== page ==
At Tuli Safari Lodge in the Northern Tuli Game Reserve, Botswana, it’s often possible to see one of the Big 5 and one of its Little 5 namesakes in the same spot at the same time.
Elephant shrews are maybe the cutest of Africa’s ‘Little 5’ – a phrase coined to encourage interest in the smaller wonders of African wildlife beyond the Big 5 of elephants, lions, leopards, buffaloes and rhinos (other members of the Little 5 are ant lions, leopard tortoises, buffalo weavers and rhino beetles).
These small, insect-eating mammals are usually quite shy and not often seen as they’re well camouflaged and very speedy! But, they’re a virtually guaranteed sighting at one of Tuli Safari Lodge’s favourite sundowner spots (as explained in this blog), and it’s not uncommon for guests to see a herd of elephants ambling by from the same spot, at the same time.
The Tuli shrews – rock elephant Shrews, Elephantulus myurus – like rocky areas so that they can hide from predatory birds and are incredibly nimble and sure-footed as they use their little legs to leap from rock to rock.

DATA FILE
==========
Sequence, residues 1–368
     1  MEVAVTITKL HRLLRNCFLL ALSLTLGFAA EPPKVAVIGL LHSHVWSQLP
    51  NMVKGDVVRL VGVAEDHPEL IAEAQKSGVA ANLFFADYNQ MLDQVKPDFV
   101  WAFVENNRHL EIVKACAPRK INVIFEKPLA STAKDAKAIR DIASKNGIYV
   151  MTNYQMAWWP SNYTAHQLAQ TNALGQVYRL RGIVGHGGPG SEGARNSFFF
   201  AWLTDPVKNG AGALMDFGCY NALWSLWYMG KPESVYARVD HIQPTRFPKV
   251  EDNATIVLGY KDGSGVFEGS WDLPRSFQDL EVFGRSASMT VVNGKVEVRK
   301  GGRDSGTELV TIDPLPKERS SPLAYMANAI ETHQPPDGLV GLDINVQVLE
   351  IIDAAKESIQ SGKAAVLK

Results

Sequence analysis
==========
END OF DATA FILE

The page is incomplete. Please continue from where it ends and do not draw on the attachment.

Here, Tuli Safari Lodge shares 5 facts about elephant shrews:
1. Elephant shrews are only found in Africa, where they are widespread though not particularly common anywhere.
2. They are so-called because of their rather long and flexible noses looking superficially similar to an elephant’s trunk.
3. They’re also known as sengis and aren’t in fact related to shrews at all, but are a species on their own.
4. Females have a similar menstrual cycle to humans, though gestation is only 45-60 days. Litters are quite small with between one and three youngsters.
5. As well as eating invertebrates and sundowner snacks, elephant shrews also eat fruits, seeds and leaves. Females carry food in their cheek pouches when their young are weaned after around five days.
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